On Sunday, March 23, Nick Young smoked the Orlando Magic for 26 points. But sometime during one of his theatrical, triple-finger-saluting, Swaggy P celebrations, the Sherman Oaks home of the Lakers' swingman and style icon was robbed.
The thieves heisted almost $100,000 worth of Christian Louboutin shoes, jewelry, clothes and Louis Vuitton luggage, plus the Red October Air Yeezys the Lakers star had adopted as that month's fashion trademark.
"I'm shocked they tried to get Swaggy," Young says with surfer chill at team practice the next morning.
After all, few crimes would be more dishonorable than burglarizing the swagtuary of the West L.A. - raised star. The charismatic prodigal son with the killer crossover has achieved adoration across the metropolis since signing with the Lakers last summer. Fans wave homemade signs and chant "Swaggy P" when he's at the free-throw line. Rihanna even shouted his nickname from her courtside seat.
"Playing for the Lakers has been a dream come true," says Young, 28, his smile dimpled and high-beam bright. A pair of chartreuse Nikes electrifies his standard-issue practice gear. "I grew up watching Magic and James Worthy and Kobe and Shaq. I had the Kobe 'fro in high school. These are my roots."
The movie-star wattage conceals a traumatic past. The eldest of Young's four brothers was mistaken for a gang member and murdered in 1991, leaving a pregnant fiancée.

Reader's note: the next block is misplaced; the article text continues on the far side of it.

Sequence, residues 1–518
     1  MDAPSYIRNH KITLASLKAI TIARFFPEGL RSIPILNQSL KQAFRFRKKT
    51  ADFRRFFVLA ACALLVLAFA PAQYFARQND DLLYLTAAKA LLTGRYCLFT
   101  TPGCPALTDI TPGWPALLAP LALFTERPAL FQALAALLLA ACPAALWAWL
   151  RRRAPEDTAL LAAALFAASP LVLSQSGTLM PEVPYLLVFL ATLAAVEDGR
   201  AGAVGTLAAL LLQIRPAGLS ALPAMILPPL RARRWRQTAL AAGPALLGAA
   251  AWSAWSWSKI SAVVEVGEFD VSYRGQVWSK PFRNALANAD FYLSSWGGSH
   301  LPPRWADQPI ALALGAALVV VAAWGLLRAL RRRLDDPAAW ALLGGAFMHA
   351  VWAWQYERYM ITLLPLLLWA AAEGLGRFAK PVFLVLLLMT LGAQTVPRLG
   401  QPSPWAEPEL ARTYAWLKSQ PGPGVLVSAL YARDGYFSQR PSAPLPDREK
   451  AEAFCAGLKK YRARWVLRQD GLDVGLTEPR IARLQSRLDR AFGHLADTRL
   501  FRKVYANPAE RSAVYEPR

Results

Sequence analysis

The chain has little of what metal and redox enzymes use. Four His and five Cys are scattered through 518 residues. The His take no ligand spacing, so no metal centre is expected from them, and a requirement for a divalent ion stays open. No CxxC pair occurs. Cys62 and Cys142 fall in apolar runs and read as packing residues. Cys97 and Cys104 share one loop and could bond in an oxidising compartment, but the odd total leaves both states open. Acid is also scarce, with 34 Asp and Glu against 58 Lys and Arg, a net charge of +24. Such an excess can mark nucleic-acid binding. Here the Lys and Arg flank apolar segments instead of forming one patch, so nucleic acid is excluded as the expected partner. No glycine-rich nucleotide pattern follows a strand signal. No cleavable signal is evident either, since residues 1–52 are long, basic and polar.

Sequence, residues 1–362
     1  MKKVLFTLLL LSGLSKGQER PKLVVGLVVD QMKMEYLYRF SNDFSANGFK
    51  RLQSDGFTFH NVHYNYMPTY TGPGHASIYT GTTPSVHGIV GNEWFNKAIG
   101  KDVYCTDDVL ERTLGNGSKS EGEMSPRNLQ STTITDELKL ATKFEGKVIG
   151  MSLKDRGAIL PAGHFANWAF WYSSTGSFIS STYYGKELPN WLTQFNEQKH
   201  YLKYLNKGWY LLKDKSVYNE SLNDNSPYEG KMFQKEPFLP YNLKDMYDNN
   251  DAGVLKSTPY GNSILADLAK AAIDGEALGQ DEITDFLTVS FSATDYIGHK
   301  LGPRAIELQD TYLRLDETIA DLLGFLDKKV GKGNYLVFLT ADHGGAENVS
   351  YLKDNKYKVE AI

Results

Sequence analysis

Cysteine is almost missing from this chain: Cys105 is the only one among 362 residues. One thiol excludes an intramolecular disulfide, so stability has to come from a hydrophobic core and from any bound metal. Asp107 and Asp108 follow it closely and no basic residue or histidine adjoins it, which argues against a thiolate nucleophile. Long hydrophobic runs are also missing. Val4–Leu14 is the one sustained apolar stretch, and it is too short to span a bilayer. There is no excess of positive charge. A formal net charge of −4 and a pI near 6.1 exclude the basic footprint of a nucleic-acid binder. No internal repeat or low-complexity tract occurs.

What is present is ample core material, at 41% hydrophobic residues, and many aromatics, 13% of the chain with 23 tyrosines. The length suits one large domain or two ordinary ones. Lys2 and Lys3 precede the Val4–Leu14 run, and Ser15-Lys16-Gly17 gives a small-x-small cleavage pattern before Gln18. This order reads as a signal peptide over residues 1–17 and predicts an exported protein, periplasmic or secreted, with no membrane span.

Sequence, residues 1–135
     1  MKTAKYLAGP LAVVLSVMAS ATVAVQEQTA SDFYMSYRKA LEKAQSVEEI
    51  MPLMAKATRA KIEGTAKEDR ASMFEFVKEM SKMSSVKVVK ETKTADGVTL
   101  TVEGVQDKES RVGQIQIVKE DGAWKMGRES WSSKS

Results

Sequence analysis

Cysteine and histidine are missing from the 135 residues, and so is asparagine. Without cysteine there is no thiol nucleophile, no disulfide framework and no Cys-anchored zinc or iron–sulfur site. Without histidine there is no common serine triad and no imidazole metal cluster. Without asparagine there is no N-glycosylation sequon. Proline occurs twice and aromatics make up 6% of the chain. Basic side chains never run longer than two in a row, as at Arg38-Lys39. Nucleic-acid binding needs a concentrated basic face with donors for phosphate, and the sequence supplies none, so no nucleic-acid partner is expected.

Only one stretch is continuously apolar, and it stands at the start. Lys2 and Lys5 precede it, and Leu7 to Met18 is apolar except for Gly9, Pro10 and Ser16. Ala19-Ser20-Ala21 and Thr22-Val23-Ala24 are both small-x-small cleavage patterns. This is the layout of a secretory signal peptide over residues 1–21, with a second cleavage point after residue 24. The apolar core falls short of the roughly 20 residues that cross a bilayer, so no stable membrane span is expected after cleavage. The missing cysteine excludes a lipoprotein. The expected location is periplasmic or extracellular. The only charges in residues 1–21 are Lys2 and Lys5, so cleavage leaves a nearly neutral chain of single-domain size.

Raised by a truck driver father and a stay-at-home mom, Young himself spent a tumultuous semester at South Central's Dorsey High before transferring to Cleveland High, a magnet school in Reseda, where he achieved All-City Section honors. "Dorsey was all Bloods, and I used to get banged on," he says. "I had to get up out of there."
Selected 16th in the 2007 NBA draft after two All - Pac 10 seasons at USC, Young played for Washington, Philadelphia and a half-season with the Clippers. But his longtime affinity for the Lakers led him to forgo bigger offers to sign for the veteran's minimum ($1.1 million). The team's recent struggles have been well-documented; it's unthinkable to consider how dreary the season would have been without Swaggy P's effervescent play.
Even the oft-dour (now former) coach, Mike D'Antoni, admitted earlier this year that Young "rubs off on me and makes me happy. ... He starts swaggin' and gets everybody's energy up."
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Young's wardrobe is straight out of a rap video: garish sunglasses, sport coats, blinding diamond earrings. GQ anointed him one of 2013's 20 most stylish athletes and featured a scantily clad layout of him and his girlfriend, callipygian Australian rapper Iggy Azalea. Despite these extracurricular activities, Young delivered one of the best seasons of his career, averaging more than 17 points per game and improving his defensive reputation.
Honing his game on the asphalt at West L.A.'s Robertson Park, the 6-foot-6-inch Young didn't play organized basketball until his junior year of high school. His flair is both the byproduct of his street-ball years and a natural fit for the Hollywood ideology that spawned "Showtime." And his nickname may be the only successful self-bestowed nickname in the history of nicknames.
"One of my homies said that I had on a swaggy outfit, and it just stuck," Young laughs. "I didn't think it would stick for this long."